Rivers' faith in Celtics never wavered
"I don't care how frustrating it gets for me, I see it, and whether [the players] see it or not, I see it and I'll get it out of you. I told them after [a loss to Cleveland], I don't know how, but I'll keep working at it. I told them, 'I will get it out of you, I see it.'"
-- Celtics coach Doc Rivers, March 15, 2010
LOS ANGELES -- Somehow, he saw it all along. At least he told us he did.
His team coming off a frustrating mid-March loss to the Eastern Conference-leading Cavaliers the night before in Cleveland, dropping its record to 18-19 since Christmas, Celtics coach Doc Rivers reclined against a wall outside the locker room and offered optimism that even his players struggled to see.
Paul Pierce and Kevin Garnett battled injuries, Ray Allen endured inconsistency amidst trade rumors leading up the February deadline, Rajon Rondo questioned the leadership of the team, and Kendrick Perkins wondered out loud if the Celtics had become bored with the regular season.
Hardly the makeup of a championship-caliber team. The Celtics were imploding, but Rivers remained steadfast that they could accomplish the goal of winning an NBA title set forth from the first time they screamed "Ubuntu" at the start of training camp in October.
A shade more than three months later, Boston stood on the brink of accomplishing that feat, but ran out of steam in the fourth quarter of Game 7 of the NBA Finals, fumbling away a 13-point second-half lead and falling to the Los Angeles Lakers 83-79 Thursday at the Staples Center.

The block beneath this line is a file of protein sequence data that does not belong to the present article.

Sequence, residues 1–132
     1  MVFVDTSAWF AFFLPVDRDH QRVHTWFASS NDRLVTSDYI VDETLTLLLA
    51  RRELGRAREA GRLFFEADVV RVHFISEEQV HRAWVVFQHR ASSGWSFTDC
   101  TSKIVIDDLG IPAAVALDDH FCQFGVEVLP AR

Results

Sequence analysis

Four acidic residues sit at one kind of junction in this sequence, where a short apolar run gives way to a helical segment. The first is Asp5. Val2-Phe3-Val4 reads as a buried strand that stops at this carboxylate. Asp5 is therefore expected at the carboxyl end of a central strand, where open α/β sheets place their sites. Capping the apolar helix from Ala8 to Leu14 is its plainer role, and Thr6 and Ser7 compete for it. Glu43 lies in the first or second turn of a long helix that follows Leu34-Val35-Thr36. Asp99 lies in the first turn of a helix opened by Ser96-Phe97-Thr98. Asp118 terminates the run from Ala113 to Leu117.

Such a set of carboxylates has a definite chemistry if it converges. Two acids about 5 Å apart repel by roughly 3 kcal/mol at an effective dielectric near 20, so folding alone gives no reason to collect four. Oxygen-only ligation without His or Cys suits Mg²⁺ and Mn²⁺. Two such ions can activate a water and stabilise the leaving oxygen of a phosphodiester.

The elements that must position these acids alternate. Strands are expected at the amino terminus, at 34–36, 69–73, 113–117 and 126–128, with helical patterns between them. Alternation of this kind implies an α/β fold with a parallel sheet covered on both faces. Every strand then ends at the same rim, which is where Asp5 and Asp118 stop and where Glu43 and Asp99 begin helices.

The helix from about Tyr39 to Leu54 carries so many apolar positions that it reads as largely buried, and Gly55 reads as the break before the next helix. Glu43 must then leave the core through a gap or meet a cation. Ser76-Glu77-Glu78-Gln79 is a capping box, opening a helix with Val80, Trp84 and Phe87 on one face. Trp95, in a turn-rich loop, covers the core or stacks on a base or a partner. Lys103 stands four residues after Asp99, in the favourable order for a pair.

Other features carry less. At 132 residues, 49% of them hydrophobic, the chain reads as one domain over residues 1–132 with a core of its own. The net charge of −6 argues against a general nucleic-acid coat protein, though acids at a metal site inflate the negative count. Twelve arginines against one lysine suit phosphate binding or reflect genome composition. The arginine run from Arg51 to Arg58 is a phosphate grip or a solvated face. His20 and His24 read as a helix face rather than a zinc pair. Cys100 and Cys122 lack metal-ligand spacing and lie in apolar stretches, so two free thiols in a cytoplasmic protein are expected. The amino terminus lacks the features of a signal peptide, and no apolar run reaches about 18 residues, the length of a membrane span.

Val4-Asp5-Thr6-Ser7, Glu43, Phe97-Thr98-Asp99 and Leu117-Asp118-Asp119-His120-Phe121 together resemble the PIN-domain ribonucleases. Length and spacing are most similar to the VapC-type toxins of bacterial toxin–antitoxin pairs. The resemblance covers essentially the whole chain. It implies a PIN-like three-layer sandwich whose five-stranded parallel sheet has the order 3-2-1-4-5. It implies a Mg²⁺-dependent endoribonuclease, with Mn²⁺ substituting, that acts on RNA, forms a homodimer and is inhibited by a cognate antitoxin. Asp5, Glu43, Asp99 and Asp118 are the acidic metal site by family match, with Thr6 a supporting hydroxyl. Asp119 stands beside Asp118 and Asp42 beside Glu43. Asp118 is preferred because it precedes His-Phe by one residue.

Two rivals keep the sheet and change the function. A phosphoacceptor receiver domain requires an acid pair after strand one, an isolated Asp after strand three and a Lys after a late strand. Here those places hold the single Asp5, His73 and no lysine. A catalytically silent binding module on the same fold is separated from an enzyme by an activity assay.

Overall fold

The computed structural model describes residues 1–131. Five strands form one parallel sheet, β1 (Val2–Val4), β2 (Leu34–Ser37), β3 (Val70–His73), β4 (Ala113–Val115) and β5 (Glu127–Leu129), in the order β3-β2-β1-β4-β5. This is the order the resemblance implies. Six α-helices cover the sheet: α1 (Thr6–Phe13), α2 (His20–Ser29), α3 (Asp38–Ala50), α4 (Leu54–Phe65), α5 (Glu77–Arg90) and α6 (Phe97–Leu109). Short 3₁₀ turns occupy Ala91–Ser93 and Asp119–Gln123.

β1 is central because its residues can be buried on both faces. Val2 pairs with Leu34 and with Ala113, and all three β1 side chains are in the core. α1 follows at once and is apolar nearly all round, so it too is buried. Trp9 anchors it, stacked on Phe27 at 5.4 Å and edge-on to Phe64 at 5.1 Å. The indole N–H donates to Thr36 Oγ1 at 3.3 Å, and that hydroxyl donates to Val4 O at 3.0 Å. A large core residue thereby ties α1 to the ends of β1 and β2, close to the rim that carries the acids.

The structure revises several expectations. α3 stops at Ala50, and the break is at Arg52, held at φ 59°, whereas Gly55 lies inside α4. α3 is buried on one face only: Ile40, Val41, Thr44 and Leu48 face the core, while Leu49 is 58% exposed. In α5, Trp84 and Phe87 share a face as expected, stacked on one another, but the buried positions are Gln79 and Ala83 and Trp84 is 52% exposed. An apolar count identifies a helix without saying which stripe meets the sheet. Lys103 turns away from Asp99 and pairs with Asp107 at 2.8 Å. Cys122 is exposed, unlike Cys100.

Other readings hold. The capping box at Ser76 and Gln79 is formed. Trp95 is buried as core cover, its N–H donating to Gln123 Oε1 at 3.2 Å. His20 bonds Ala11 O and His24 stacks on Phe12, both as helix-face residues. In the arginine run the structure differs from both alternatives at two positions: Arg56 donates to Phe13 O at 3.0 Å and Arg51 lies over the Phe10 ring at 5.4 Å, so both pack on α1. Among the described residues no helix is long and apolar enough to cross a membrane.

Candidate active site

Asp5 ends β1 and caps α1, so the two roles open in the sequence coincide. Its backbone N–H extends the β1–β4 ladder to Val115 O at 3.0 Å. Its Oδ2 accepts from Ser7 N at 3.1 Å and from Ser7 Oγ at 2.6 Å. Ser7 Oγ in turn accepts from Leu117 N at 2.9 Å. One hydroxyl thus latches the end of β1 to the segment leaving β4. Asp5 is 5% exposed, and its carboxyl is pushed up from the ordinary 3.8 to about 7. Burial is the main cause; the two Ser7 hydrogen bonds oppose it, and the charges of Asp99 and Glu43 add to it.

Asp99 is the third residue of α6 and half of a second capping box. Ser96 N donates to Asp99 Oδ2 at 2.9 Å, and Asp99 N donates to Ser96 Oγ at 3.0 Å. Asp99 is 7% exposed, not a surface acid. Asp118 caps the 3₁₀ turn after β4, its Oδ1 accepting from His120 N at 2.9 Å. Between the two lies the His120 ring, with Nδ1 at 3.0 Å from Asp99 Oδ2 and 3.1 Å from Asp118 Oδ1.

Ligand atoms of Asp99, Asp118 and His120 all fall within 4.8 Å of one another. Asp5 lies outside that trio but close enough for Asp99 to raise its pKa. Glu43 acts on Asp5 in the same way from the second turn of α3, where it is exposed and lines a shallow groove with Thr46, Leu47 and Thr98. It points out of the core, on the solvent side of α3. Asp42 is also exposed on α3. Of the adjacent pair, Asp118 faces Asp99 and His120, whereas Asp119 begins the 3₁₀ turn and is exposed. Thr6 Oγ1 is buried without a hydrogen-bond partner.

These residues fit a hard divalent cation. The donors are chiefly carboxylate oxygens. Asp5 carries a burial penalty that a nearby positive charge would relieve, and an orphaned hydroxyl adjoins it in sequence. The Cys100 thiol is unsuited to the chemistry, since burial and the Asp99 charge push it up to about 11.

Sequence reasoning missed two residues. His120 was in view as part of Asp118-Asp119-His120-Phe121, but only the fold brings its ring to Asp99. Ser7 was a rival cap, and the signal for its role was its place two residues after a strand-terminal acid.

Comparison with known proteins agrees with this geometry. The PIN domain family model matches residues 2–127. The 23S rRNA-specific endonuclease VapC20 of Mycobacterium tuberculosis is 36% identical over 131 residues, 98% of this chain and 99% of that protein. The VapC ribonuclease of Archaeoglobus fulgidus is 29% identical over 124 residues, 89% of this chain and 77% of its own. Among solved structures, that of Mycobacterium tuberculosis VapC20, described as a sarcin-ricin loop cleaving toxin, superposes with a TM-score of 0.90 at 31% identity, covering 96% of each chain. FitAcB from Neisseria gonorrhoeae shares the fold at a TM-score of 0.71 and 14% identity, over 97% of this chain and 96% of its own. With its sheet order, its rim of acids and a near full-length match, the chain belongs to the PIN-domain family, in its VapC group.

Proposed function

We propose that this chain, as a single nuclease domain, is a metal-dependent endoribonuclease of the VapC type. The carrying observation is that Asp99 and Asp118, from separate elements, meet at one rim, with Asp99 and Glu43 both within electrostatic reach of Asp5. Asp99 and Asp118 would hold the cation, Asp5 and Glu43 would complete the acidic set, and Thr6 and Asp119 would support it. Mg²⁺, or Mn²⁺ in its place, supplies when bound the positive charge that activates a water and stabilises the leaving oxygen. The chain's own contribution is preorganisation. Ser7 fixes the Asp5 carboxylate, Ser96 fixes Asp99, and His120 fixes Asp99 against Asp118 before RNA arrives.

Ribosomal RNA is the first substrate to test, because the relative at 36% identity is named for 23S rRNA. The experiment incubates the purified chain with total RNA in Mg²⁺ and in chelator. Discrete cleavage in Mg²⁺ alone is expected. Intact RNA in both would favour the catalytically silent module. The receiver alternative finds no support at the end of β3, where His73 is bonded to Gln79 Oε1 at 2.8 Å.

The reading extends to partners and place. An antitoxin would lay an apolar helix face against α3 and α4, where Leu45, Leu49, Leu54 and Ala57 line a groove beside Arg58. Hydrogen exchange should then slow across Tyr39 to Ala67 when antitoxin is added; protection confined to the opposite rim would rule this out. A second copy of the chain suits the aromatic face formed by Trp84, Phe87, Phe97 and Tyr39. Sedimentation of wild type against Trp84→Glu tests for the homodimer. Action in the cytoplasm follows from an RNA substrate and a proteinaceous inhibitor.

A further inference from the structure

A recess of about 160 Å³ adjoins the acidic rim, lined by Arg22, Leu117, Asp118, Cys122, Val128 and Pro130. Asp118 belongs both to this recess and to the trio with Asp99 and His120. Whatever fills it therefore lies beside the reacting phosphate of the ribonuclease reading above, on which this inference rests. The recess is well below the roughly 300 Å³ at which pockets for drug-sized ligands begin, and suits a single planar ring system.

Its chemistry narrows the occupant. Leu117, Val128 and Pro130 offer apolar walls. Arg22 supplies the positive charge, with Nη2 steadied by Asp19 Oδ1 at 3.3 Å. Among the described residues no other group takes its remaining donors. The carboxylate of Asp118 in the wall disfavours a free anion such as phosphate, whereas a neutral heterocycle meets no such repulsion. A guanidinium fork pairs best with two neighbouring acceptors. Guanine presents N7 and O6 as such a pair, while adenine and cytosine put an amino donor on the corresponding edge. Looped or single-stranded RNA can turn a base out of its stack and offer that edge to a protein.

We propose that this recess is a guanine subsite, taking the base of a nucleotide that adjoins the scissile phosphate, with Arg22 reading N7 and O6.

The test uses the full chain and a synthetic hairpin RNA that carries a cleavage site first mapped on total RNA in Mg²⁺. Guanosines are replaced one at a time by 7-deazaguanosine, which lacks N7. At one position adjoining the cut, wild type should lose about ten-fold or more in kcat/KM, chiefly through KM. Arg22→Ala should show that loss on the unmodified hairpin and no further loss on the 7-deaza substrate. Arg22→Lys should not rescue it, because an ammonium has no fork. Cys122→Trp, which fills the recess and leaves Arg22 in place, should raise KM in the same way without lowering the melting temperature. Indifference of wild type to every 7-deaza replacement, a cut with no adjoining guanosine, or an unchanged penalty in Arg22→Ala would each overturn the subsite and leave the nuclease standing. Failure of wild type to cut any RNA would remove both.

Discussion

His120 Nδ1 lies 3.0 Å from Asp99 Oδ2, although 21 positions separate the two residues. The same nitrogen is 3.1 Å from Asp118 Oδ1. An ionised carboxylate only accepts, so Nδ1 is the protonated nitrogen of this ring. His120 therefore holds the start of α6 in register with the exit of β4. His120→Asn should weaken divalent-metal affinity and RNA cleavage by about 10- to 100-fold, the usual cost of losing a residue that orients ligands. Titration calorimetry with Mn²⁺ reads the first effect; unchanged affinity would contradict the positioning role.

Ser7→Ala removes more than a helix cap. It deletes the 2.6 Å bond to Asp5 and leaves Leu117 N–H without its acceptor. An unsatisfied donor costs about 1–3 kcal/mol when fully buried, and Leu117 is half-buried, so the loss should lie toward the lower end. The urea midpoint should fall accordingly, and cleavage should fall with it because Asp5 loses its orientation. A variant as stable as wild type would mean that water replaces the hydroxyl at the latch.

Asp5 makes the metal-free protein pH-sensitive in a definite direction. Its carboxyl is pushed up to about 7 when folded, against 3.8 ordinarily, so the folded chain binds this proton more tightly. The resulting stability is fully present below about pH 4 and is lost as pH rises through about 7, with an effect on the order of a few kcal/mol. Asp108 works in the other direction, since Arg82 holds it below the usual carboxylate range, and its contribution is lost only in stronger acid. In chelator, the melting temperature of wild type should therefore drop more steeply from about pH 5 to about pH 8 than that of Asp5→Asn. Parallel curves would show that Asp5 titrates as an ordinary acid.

As he addressed the media at his postgame news conference, Rivers fought back the emotions after coming up short of the ultimate prize and lamented the fact that things are unlikely to ever be the same after a season that was so fulfilling because of the obstacles this team had to overcome.
"There's a lot of crying in our locker room, a lot of people who care," said Rivers. "I don't think there was a dry eye. A lot of hugs, a lot of people feeling awful. That's a good thing. That means everybody cared.
"I just can't stress enough how crazy close this team was and that would be the word, crazy close. They're the type of group that they could scream at each other, but no one [would] pick on any of them. That's a special group."
That closeness was forged over the final months when, even as the Celtics struggled, they banded together with eyes toward Banner 18.
Rivers always believed this team was championship material, even during those dark days in February and March when Boston lost to lowly New Jersey and got blown out by Memphis, both on the Garden floor.
To call Boston's run to the brink of an 18th NBA title improbable wouldn't be fair. This is a team that hung a blank championship banner in its practice facility at the start of the season and displayed a picture of the Larry O'Brien Trophy inside its locker room with the phrase, "Begin with the end in mind," printed below it.